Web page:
Secret Histories: Lost and Found

The large hill behind our house was the site of a skirmish in the French and Indian war.  Five stone cairns form a circle that may, possibly, mark the graves of five soldiers, casualties buried up on the hill after the skirmish (if Bicentennial speeches in dusty town histories are to be believed, and of course speeches leave out necessary details of exactly where graves are).

When we first moved here, I dug up a flintlock out of the earth in the back yard, at the foot of that large hill, and I became curious as to why an old gun might have been left on our land. Was there blood shed on the ground that we now swing lazily in a hammock over, that we play on, that we roll over on in laughter and chase each other in fun?   Were there, long ago, emotions strong enough to shed blood over?

If there were, they’ve since been absorbed by the ground: diffused by the layers of time and soft silty earth, erased, unseen below the grass we now walk on, and no longer felt.  Actions and consequences which, once upon that time, must have cut sharp now have blurred edges, uncertainties. And like those casualties of that long ago skirmish, no one survives from that time or this, all that is left, or will be left, are words, and metal like the flintlock and horseshoes, curiously bent square nails.  Perhaps some shards of pottery, and those stone cairns up on the hill.  Hopefully some art, but I think probably not from our side of this remote hill.

The town keeps land records, carefully bound, safely conscripted to a walk-in vault.  These official records are indexed, even the earliest hand-written ones with beautiful script and hard to decipher flourishes.  Those records can be followed to trace the history of our property from owner to owner in a chain of title, but not much can be gleaned but names and places, buyers and sellers, liens for debts.

Court and military records may reveal more detail: transcripts of disputes, bad behavior, acts of valor.  Probate court is interesting, as it contains the public record of how individuals distributed their belongings, a sort of catalog of last wishes, and how they felt about the ones they loved, and those they did not love at all.  And it is something to wonder at: these many individual wishes and dreams survive, written on paper, tucked within filing cabinets, within a framework of paper and ink and steel, while the skeletons of those wishes and dreamers long ago turned to dust.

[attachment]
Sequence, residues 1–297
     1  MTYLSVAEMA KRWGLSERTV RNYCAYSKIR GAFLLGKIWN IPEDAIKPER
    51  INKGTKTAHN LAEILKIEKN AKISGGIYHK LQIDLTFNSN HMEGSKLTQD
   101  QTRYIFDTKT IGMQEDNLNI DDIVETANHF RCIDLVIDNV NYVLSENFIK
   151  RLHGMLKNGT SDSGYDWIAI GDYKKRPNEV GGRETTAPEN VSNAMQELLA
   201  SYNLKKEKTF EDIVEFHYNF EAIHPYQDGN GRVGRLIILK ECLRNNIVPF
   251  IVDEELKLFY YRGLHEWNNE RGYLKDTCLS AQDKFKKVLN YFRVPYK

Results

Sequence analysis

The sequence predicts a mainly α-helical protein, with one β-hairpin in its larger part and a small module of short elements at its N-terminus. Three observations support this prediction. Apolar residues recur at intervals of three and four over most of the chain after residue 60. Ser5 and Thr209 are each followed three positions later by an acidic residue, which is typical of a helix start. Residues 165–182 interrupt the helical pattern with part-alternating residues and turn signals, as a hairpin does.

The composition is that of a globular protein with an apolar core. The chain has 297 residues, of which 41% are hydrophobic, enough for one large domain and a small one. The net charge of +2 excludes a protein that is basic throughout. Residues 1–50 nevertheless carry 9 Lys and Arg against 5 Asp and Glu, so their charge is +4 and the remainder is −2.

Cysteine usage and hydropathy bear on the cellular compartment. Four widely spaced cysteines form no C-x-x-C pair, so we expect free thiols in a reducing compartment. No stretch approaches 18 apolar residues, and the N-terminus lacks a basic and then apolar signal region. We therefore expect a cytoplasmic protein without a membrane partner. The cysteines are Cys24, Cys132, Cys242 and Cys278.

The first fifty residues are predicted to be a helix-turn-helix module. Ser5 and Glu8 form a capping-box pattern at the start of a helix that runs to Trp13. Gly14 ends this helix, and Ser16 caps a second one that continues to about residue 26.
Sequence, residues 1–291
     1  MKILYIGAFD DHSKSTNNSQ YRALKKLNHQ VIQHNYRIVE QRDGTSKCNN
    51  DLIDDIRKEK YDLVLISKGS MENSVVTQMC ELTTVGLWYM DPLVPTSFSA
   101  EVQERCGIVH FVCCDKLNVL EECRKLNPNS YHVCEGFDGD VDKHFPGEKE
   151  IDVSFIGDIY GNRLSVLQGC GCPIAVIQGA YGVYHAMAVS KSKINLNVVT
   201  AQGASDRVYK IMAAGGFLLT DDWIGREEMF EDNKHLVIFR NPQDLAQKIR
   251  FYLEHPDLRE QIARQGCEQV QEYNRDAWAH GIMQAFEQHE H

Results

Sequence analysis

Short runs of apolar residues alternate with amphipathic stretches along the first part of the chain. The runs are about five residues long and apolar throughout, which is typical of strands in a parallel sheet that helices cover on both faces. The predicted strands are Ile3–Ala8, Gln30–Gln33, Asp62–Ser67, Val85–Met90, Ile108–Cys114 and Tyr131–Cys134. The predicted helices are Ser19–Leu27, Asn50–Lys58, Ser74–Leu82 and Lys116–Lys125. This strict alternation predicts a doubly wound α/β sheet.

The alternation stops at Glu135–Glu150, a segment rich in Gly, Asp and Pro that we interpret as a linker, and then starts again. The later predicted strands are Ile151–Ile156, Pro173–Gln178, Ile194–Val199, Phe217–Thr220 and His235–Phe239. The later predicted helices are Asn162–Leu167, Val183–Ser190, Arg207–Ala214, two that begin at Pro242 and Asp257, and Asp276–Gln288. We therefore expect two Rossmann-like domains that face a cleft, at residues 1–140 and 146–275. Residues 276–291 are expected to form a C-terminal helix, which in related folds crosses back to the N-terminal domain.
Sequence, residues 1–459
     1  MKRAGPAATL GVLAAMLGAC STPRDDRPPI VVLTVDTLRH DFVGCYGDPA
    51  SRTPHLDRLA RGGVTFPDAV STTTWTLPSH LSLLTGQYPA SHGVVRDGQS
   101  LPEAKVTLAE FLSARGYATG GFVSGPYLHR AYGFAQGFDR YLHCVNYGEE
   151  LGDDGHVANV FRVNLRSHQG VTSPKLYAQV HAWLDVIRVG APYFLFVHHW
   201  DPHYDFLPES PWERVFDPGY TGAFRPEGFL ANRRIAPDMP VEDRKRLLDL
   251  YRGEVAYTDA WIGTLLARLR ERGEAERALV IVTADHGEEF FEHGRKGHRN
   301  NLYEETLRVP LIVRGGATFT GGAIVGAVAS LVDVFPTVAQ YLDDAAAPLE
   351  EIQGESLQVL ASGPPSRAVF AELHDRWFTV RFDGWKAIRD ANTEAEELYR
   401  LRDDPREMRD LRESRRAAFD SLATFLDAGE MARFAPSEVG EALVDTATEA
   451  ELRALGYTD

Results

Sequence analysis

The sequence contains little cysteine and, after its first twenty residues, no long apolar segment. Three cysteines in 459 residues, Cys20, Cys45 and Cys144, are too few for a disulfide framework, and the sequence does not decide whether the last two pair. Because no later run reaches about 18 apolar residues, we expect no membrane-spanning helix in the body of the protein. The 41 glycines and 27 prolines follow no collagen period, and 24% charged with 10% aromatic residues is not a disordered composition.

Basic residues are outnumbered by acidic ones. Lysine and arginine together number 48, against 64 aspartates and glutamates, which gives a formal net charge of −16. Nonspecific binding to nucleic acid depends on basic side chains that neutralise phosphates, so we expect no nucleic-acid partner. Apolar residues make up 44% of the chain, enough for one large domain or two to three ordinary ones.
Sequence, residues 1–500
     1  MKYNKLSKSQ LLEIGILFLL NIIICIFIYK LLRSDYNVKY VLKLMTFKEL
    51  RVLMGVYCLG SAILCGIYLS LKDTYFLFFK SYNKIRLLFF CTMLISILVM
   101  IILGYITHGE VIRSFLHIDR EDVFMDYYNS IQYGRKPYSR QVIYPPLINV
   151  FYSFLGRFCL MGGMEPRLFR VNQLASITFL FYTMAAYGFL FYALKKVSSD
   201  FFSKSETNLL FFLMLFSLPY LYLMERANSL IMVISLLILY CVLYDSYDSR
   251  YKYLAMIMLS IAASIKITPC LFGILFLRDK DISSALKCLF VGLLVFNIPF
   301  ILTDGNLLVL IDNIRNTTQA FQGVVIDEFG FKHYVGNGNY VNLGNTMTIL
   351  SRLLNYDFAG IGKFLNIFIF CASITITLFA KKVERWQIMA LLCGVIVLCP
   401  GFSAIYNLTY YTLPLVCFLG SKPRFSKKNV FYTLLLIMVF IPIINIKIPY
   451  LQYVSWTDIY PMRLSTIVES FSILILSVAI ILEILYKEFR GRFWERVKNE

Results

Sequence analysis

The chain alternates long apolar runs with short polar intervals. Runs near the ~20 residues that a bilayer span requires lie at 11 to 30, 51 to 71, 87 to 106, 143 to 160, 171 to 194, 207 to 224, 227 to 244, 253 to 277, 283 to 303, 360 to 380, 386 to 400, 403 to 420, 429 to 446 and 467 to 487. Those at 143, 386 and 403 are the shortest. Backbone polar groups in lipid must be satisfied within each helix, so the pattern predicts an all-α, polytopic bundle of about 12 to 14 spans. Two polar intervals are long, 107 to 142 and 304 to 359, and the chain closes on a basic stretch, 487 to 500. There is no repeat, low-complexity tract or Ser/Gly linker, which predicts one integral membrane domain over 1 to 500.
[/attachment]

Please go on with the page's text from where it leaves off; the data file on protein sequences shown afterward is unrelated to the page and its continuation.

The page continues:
Endless dusty files, distilling raw human emotion and actions into a paper realm, neatly defined by the parameters of law.  Orderly documents folded into files, tucked into drawers.  Wishes and dreams, so distinct to their owner but distant now, muted in yellowing paper, filed next to many others. Individual emotions don’t conscript themselves to eternity, except in the most general of ways, distilled to the universal.

It’s just not possible to entirely know the history of a place, or to catalog every circumstance.  History is many times in the small and personal details, and easily lost.

Flintlock excavated with metal detector in the Vermont woods
Flintlock excavated with a metal detector
flintlock excavated with metal detector in the Vermont woods
Reverse side of flintlock

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11 thoughts on “Secret Histories: Lost and Found

  1. This is a wonderful piece of writing! I love the poetry of your words. You made a subject I’m not readily interested in and brought it to life, it jumped off the screen and wrapped me in your world! Thank you for a lovely post!

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  2. oh my – you hit this nail or flintlock on the head. I often wonder about what the land could tell us. Yes the library of paper has records but if one has ever done research to find our ancestors it is just paper. So, how does the land sing to us? Does it hold the memory if we only could tap into it? I think so, and you have done just that. Made my evening. Batgurrl aka Robin

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  3. It is interesting, isn’t it? We spend so much time looking around the far horizons, but we can also find treasures when we look much closer at hand. Whenever I do significant work in my yard, I find little artifacts. Pieces of a child’s china tea set tell me there was once a girl or girls around the house. By the number of bolts and screws, one of the men was a back-yard mechanic. A row of bricks from an old gate was completely buried in my lawn. People come and go, but we do leave a few things behind.

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  4. I am so happy to find your blog. I am loving everything that I am reading from you. We share the same sense of wonder and appreciation of the beauty that surrounds us. I am anxious to go read the rest of your posts. I hope you are having a wonderful and inspiring day.

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  5. Margit Van Schaick

    Daphne, could the cairns be an Indian burial ground? Do you know the Indian tribes that lived in your part of Vermont? Is there a river or stream near your land? Maybe an old farmer or other aged resident or area historian could tell you more about the early history of your land.

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  6. Anonymous

    I often wonder the same things when looking at vintage photos. I try to imagine the stories. Were the people living happy lives? Who did they love and who loved them? I’m so curious about your cairns. Very neat!

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  7. Pingback: Recipe: Excellent Spare Ribs | Bean & Bantam

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